9. Self-Healing Characteristics of Damaged Rock Salt under Different Healing Conditions.

    Science.gov (United States)

    Chen, Jie; Ren, Song; Yang, Chunhe; Jiang, Deyi; Li, Lin

    2013-08-12

    Salt deposits are commonly regarded as ideal hosts for geologic energy reservoirs. Underground cavern construction-induced damage in salt is reduced by self-healing. Thus, studying the influencing factors on such healing processes is important. This research uses ultrasonic technology to monitor the longitudinal wave velocity variations of stress-damaged rock salts during self-recovery experiments under different recovery conditions. The influences of stress-induced initial damage, temperature, humidity, and oil on the self-recovery of damaged rock salts are analyzed. The wave velocity values of the damaged rock salts increase rapidly during the first 200 h of recovery, and the values gradually increase toward stabilization after 600 h. The recovery of damaged rock salts is subjected to higher initial damage stress. Water is important in damage recovery. The increase in temperature improves damage recovery when water is abundant, but hinders recovery when water evaporates. The presence of residual hydraulic oil blocks the inter-granular role of water and restrains the recovery under triaxial compression. The results indicate that rock salt damage recovery is related to the damage degree, pore pressure, temperature, humidity, and presence of oil due to the sealing integrity of the jacket material.

  10. Self-Healing Characteristics of Damaged Rock Salt under Different Healing Conditions

    Directory of Open Access Journals (Sweden)

    Lin Li

    2013-08-01

    Full Text Available Salt deposits are commonly regarded as ideal hosts for geologic energy reservoirs. Underground cavern construction-induced damage in salt is reduced by self-healing. Thus, studying the influencing factors on such healing processes is important. This research uses ultrasonic technology to monitor the longitudinal wave velocity variations of stress-damaged rock salts during self-recovery experiments under different recovery conditions. The influences of stress-induced initial damage, temperature, humidity, and oil on the self-recovery of damaged rock salts are analyzed. The wave velocity values of the damaged rock salts increase rapidly during the first 200 h of recovery, and the values gradually increase toward stabilization after 600 h. The recovery of damaged rock salts is subjected to higher initial damage stress. Water is important in damage recovery. The increase in temperature improves damage recovery when water is abundant, but hinders recovery when water evaporates. The presence of residual hydraulic oil blocks the inter-granular role of water and restrains the recovery under triaxial compression. The results indicate that rock salt damage recovery is related to the damage degree, pore pressure, temperature, humidity, and presence of oil due to the sealing integrity of the jacket material.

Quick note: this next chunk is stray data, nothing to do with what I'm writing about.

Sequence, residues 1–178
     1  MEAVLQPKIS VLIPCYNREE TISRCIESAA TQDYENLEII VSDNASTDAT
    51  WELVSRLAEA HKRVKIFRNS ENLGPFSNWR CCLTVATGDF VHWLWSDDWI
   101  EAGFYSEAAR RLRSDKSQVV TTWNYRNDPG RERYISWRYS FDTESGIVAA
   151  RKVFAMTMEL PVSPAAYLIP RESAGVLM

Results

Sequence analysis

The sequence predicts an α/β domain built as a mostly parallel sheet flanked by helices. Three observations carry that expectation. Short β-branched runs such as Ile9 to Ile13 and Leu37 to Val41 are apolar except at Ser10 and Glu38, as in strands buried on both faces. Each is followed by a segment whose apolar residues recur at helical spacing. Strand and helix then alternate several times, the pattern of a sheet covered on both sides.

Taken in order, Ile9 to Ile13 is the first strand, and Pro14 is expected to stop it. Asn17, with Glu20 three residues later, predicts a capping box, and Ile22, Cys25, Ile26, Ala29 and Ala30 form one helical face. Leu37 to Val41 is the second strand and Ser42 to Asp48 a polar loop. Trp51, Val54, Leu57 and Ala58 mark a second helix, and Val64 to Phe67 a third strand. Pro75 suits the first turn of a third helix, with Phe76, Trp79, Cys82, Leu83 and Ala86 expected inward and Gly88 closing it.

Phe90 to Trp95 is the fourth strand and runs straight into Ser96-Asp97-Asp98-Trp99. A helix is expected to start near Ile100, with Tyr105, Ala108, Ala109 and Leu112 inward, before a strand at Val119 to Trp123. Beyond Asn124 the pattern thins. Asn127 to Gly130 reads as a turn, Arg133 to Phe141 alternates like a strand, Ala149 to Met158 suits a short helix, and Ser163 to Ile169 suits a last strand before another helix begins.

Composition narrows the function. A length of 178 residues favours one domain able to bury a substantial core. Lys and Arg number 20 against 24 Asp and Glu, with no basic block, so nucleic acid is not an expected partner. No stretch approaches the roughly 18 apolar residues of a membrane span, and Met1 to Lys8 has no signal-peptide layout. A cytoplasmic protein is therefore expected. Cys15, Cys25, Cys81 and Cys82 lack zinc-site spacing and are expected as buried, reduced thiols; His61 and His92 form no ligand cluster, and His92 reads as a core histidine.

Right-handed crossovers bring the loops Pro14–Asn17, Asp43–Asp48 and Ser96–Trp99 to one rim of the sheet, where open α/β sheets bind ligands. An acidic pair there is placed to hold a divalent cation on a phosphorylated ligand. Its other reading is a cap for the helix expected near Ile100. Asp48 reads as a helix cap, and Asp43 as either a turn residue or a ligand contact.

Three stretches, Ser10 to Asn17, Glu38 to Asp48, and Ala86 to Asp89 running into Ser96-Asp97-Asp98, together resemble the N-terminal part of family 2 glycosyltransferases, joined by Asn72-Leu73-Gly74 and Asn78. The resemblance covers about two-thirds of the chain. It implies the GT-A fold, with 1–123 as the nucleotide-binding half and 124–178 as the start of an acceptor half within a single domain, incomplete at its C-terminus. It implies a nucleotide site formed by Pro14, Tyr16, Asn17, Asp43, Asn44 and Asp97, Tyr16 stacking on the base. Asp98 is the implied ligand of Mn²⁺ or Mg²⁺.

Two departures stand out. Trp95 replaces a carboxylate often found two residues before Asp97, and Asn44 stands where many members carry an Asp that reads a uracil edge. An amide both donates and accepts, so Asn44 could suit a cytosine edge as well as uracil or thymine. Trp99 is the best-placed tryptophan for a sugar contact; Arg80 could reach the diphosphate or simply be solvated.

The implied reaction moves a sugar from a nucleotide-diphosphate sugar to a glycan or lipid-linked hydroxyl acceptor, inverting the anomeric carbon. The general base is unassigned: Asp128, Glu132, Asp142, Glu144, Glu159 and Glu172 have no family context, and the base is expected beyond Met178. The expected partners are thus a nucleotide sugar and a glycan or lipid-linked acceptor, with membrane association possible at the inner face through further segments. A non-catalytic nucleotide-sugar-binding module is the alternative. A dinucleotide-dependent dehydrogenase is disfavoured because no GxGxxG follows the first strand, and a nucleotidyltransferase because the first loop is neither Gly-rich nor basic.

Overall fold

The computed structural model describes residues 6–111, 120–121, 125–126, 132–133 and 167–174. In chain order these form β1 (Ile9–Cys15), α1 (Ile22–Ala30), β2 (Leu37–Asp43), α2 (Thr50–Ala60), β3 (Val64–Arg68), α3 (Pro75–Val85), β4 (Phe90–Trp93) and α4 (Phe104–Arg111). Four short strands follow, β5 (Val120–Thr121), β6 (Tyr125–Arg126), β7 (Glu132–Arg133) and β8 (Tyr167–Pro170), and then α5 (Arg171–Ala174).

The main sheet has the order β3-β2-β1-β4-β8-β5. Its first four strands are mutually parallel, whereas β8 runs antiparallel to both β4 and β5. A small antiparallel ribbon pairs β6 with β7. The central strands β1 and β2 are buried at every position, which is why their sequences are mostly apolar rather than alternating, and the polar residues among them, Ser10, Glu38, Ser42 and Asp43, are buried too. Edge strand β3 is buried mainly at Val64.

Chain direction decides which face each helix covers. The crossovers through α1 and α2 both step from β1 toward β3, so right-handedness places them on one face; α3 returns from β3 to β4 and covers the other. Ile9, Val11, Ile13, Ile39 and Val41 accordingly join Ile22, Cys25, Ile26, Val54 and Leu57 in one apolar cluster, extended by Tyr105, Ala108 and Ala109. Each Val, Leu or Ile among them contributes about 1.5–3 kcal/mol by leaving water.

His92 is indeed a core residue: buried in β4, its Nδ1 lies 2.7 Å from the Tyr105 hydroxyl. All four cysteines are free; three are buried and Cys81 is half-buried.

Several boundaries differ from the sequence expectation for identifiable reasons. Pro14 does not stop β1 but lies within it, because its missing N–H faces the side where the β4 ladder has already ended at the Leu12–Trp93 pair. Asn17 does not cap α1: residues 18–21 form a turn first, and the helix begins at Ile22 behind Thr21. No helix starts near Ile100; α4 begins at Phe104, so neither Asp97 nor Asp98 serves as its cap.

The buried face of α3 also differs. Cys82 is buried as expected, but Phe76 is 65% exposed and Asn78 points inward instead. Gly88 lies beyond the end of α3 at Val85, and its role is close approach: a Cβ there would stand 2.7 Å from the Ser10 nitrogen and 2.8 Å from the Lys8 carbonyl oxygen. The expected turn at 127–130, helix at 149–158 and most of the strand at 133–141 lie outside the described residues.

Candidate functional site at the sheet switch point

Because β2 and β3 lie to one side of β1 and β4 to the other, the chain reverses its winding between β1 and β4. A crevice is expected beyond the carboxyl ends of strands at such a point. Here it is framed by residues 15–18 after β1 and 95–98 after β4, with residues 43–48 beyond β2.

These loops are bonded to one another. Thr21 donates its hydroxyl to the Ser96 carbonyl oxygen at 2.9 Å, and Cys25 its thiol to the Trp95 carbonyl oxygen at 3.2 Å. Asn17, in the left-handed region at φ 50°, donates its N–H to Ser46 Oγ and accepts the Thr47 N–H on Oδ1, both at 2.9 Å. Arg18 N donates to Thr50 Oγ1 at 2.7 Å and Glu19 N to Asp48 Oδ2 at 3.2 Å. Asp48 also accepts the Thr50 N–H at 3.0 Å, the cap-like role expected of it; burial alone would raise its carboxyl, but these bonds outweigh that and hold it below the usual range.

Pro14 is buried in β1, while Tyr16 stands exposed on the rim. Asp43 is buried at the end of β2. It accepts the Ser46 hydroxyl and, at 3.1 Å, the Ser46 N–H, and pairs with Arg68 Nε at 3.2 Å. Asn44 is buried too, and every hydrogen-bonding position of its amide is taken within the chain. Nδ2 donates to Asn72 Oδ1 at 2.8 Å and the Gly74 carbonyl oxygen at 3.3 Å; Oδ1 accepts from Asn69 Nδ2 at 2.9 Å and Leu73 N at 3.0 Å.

11. Self-Healing Characteristics of Damaged Rock Salt under Different Healing Conditions

    Science.gov (United States)

    Chen, Jie; Ren, Song; Yang, Chunhe; Jiang, Deyi; Li, Lin

    2013-01-01

    Salt deposits are commonly regarded as ideal hosts for geologic energy reservoirs. Underground cavern construction-induced damage in salt is reduced by self-healing. Thus, studying the influencing factors on such healing processes is important. This research uses ultrasonic technology to monitor the longitudinal wave velocity variations of stress-damaged rock salts during self-recovery experiments under different recovery conditions. The influences of stress-induced initial damage, temperature, humidity, and oil on the self-recovery of damaged rock salts are analyzed. The wave velocity values of the damaged rock salts increase rapidly during the first 200 h of recovery, and the values gradually increase toward stabilization after 600 h. The recovery of damaged rock salts is subjected to higher initial damage stress. Water is important in damage recovery. The increase in temperature improves damage recovery when water is abundant, but hinders recovery when water evaporates. The presence of residual hydraulic oil blocks the inter-granular role of water and restrains the recovery under triaxial compression. The results indicate that rock salt damage recovery is related to the damage degree, pore pressure, temperature, humidity, and presence of oil due to the sealing integrity of the jacket material. PMID:28811444

  12. Identifying the trends in wound-healing patents for successful investment strategies.

    Science.gov (United States)

    Gwak, Jae Ha; Sohn, So Young

    2017-01-01